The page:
New York City Councilman Donovan Richards recently introduced Resolution 0549, calling on Governor Andrew Cuomo to veto the application by Liberty Natural Gas. He was joined by Council Members Margaret Chin, Corey Johnson, Rosie Mendez, and Eric Ulrich. “New York State cannot afford to accommodate the natural gas industry any further considering the immense environmental costs associated with the extraction, production and transportation of natural gas in any state,” Richards told NYER.
Surprising some, pro-fracking Senate Republican Leader Dean Skelos also submitted a letter to Governor Cuomo against Port Ambrose, stating, “while the need for increased energy sources are critical to the continued success of our state and local economies, the negative impact of the Port Ambrose LNG proposal on the local community has the very real potentially [sic] of outweighing any perceived benefits.”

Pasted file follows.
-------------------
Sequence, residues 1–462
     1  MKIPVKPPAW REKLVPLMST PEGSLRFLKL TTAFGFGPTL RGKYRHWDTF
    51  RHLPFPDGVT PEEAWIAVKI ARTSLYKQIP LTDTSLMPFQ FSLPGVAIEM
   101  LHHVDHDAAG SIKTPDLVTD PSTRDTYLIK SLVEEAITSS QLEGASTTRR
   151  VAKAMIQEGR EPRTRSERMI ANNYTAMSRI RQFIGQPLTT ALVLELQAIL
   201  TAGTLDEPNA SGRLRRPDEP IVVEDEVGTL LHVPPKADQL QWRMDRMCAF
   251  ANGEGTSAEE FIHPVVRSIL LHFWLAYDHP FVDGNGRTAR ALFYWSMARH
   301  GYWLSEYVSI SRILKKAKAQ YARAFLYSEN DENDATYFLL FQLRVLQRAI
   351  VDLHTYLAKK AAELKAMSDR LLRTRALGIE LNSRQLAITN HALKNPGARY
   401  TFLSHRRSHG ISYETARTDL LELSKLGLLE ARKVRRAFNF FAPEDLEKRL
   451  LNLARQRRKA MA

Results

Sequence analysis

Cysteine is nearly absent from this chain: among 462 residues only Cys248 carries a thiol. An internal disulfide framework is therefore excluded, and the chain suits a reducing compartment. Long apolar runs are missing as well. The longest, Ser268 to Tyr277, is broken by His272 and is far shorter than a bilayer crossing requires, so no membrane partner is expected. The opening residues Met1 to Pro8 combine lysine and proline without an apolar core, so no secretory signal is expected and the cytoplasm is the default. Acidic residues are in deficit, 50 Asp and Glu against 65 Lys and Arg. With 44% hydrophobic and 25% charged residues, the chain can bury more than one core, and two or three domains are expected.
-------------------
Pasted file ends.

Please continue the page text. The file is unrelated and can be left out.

Other New York officials that have spoken out against the port include Assemblyman Phillip Goldfelder (D-Ozone Park), Assemblyman Todd Kaminsky (D-Lawrence), and Long Beach City Councilman Anthony Eramo.
A Symbolic Battle Between Old and New
From damage to the environment to terrorist attacks, the list of concerns varies by organization and individual. However, almost all unite over one specific frustration: New York’s continued reliance on fossil fuels.
Liberty maintains that the two projects are compatible, and states that Port Ambrose will only require 2.4 square miles, or 4 percent, of the 127 square miles needed for the wind project.